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Your Favourite Content, Whenever You Want It

At launch:
  • Music: Simple but effective music playback was all handled within the Google Play Music app, whether you were listening to downloaded songs or music you’d imported from your CD library. Although the built-in speaker was not the loudest, headphone playback was detailed and punchy. A nice touch was album art being displayed on the Nexus 5’s lock screen.
  • Video: There was a wealth of Google playback options for your own video clips, movies and TV shows. YouTube was the obvious one, with clips accessed through Twitter, Facebook or other sources automatically opening in the YouTube app, and viewing options such as resolution settings offered. Movies and shows bought through Google Play could be downloaded and viewed even if you weren’t online, too.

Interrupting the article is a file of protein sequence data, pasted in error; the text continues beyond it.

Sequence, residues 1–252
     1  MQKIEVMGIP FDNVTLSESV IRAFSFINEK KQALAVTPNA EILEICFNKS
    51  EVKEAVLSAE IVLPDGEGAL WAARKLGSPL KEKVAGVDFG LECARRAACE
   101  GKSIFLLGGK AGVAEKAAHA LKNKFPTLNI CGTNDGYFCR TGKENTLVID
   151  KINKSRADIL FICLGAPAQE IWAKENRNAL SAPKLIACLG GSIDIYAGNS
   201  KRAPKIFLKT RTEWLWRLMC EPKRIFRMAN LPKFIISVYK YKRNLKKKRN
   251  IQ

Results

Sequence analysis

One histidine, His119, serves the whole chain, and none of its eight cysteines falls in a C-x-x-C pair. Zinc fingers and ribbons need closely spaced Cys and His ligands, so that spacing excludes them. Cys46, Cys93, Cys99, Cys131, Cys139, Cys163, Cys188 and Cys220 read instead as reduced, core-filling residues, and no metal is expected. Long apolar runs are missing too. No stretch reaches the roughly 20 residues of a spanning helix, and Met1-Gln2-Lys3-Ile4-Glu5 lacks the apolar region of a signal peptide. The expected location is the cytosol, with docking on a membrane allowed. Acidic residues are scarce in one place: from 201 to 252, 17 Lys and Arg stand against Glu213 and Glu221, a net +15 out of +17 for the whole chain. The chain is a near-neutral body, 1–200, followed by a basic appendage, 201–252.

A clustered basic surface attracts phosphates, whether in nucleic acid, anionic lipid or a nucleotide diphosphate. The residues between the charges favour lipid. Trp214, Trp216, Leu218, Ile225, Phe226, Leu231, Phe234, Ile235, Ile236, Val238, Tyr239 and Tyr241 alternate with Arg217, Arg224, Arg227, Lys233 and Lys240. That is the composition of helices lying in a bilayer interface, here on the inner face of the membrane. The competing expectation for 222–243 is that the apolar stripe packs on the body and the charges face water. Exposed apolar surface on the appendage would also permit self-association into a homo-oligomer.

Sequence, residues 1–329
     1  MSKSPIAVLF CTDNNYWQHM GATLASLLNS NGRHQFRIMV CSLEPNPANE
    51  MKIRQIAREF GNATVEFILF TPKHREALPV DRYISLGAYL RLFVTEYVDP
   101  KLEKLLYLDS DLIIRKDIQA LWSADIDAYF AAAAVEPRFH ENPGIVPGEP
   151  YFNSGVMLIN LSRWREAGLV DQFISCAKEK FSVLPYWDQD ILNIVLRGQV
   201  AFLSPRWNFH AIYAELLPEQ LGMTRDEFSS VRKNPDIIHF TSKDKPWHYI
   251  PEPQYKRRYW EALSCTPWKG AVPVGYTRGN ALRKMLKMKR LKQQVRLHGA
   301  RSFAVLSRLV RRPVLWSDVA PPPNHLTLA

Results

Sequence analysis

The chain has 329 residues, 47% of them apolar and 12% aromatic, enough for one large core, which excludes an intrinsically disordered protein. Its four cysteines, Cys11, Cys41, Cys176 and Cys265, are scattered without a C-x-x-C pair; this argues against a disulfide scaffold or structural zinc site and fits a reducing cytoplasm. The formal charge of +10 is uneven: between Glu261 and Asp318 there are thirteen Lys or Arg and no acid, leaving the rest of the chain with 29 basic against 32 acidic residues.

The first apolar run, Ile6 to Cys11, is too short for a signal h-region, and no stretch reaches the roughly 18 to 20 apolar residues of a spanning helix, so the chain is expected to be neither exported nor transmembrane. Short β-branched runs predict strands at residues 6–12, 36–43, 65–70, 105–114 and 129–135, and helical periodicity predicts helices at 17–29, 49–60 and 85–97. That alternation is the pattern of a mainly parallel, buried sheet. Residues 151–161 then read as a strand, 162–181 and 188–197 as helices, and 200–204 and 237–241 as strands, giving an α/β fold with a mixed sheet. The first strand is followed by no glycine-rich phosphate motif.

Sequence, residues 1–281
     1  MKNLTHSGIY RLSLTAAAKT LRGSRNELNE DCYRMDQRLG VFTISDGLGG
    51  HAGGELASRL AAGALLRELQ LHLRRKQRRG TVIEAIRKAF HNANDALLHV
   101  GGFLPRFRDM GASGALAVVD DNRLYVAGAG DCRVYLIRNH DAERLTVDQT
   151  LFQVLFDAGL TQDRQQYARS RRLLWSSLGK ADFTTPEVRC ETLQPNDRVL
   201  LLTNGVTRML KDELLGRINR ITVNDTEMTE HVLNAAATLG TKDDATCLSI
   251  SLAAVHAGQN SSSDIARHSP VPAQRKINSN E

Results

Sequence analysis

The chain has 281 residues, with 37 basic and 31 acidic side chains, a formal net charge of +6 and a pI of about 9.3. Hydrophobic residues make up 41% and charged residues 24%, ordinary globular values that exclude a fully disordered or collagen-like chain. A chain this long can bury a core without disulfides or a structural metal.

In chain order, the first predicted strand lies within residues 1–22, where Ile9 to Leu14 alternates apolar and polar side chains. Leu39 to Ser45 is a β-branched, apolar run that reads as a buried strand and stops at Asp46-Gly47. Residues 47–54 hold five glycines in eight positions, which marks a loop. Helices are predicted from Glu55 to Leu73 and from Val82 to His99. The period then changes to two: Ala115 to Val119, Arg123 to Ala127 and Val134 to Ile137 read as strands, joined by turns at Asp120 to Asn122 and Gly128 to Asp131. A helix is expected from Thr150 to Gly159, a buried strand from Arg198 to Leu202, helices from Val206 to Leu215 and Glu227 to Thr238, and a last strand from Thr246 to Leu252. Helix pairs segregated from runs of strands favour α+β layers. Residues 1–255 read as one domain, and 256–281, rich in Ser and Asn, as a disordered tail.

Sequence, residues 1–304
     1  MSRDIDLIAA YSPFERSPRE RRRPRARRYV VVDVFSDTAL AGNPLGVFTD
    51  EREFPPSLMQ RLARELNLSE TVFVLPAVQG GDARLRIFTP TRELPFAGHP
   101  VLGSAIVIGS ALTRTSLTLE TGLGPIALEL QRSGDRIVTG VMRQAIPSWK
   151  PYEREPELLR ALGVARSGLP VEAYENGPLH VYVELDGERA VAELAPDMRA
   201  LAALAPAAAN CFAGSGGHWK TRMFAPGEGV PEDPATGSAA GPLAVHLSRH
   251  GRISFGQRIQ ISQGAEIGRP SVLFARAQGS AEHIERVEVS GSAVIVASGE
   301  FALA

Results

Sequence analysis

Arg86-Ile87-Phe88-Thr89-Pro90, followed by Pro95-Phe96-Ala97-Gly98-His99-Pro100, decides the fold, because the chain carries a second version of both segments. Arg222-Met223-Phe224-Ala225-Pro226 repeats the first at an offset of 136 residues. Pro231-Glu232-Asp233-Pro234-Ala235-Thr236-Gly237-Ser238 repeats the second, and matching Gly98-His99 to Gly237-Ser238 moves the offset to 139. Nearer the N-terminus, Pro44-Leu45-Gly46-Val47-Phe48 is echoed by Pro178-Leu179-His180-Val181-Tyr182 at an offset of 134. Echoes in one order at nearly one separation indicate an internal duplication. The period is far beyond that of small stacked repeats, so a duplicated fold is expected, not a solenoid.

• Games: Thanks to that crystal clear 5-inch screen and the power of the Snapdragon processor, the Nexus 5 could comfortably handle whatever you threw at it. Titles played smoothly without lag or stuttering, and even graphically intensive games showed up well.
  • Photos: The Nexus 5’s camera came in for a bit of criticism when it launched. It was slow to auto-focus, struggling to capture moving subjects, while low-light shooting was a problem too. A subsequent update fixed much of that, and the photos captured with its 8-megapixel camera were greatly improved – if not class-leading.